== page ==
Chances of contracting Coronavirus from surfaces is slim, a new Israeli study finds
Israeli researchers find that samples of the virus taken from mobile phones owned by coronavirus patients cannot reproduce in laboratory conditions. Meanwhile, for the first time since the pandemic hit Israel, no new corona cases have been reported. Death toll steady at 272.
Israeli research currently underway could pose a dramatic development in our understanding of the novel coronavirus, particularly the question of whether or not the virus can be contracted by touching surfaces that were touched by a corona carrier.
The initial results of the study are being reported as for the first time since the coronavirus crisis began in Israel, no new cases have been reported. As of Monday, the number of confirmed corona cases in Israel remained steady at 16,621. The total number of corona deaths also remained steady at 272. There were a total of 3,335 active COVID-19 cases, 57 of whom were listed in serious condition, with 47 of the serious cases on ventilators. Another 39 patients were listed in moderate condition.
The concern that the virus might stay alive and active on surfaces has sparked a boom in sales of cleaning products and disinfectants, as well as a series of bizarre precautions, such as the recommendation that books returned to libraries be separated and disinfected.
The study, conducted by doctors and researchers from Assuta Medical Center in Ashdod, Laniado Hospital in Netanyahu, and the Israel Institute of Biological Research in Nes Ziona, found that it was highly unlikely that the coronavirus samples taken from surfaces touched by corona patients were still alive or able to reproduce themselves in laboratories.
Thus far, the study has examined samples taken from the corona wards at Assuta Ashdod and Laniado. Some samples were even taken from patients' cellular devices.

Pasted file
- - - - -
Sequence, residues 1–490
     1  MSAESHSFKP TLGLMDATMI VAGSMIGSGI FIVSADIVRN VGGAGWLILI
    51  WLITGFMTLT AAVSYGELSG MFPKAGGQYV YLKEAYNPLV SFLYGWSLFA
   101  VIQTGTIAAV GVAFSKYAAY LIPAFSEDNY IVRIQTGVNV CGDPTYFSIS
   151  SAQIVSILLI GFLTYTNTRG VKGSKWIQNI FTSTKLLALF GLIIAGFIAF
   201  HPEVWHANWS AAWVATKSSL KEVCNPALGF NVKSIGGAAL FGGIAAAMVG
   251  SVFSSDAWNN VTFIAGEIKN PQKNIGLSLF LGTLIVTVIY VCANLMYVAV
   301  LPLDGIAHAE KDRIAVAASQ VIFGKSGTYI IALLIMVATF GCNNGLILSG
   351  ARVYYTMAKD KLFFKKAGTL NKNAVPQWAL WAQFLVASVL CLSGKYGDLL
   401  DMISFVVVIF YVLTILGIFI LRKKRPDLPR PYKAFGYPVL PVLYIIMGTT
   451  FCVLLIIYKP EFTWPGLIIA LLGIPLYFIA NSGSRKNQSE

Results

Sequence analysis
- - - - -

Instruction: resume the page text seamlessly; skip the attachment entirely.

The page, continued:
The incomplete results available at this point indicate that these samples of the virus cannot cause infection in laboratory conditions.
Dr. Tal Brosh, head of the Infectious Disease Unit at Assuta Ashdod, who is conducting the study with Dr. Regev Cohen from Laniado Hospital and Dr. Shai Weiss of the IIBR, explained that "The question of contact spread from surfaces arose a lot in the media, and there were discussions about how long the virus would survive on surfaces of various materials. From the beginning, I haven't believed that that there was much transfer from surfaces or spread via surfaces. We have no epidemiological proof of anyone contracting the virus from surface contact."
"To the best of our knowledge, this is the first study that has looked into the presence of live and infectious virusus on surfaces, and as of now, we haven't proved that it is even possible to contract the virus from surfaces," Brosh said.
Brosh also observed that given the partial results from the research, he thought that the issue of contracting the virus from coming into contact with it on surfaces was "insignificant."
The second stage of the study took samples from items touched by corona patients staying at one of the country's hotel convalescent facilities: prayer books, jacket buttons, glasses, bottles, chairs, door handles, and more. The results of the viruses found on these surfaces will be available in a few days.
According to Brosh, the virus is mainly spread by close and direct contact with a carrier.
"My position is that there is no need to disinfect public spaces. They must be cleaned as they normally are, with the usual cleaning materials. There is no need to spray or fog [against the virus]. In places where a corona patient is known to have been for any length of time, the surfaces most frequently touched should be cleaned just to be sure," Brosh said.
The official position of the Health Ministry is that the virus is mainly spread through direct contact between people and respiratory droplets and that respiratory droplets from a sneeze or cough that land on surfaces can be a source of infection. Surfaces should be cleaned using soap and water, then disinfected, if they are frequently touched in public spaces.
As Israel's public schools re-open in the midst of a massive heatwave, there has been much discussion about whether instructions to keep classroom windows open should be followed, and whether or not children can be expected to wear masks in non-air conditioned classrooms in temperatures of over 35C (95F).
Brosh addressed this issue, noting that while the infectious disease team at the Health Ministry had not been asked to make any recommendation, open windows were preferable. However, he said, "If the windows are open in weather like this, and the classroom is boiling hot, children will sweat, they'll take off their masks, and they'll touch their faces. It's better to have closed, air-conditioned classrooms where the children wear masks."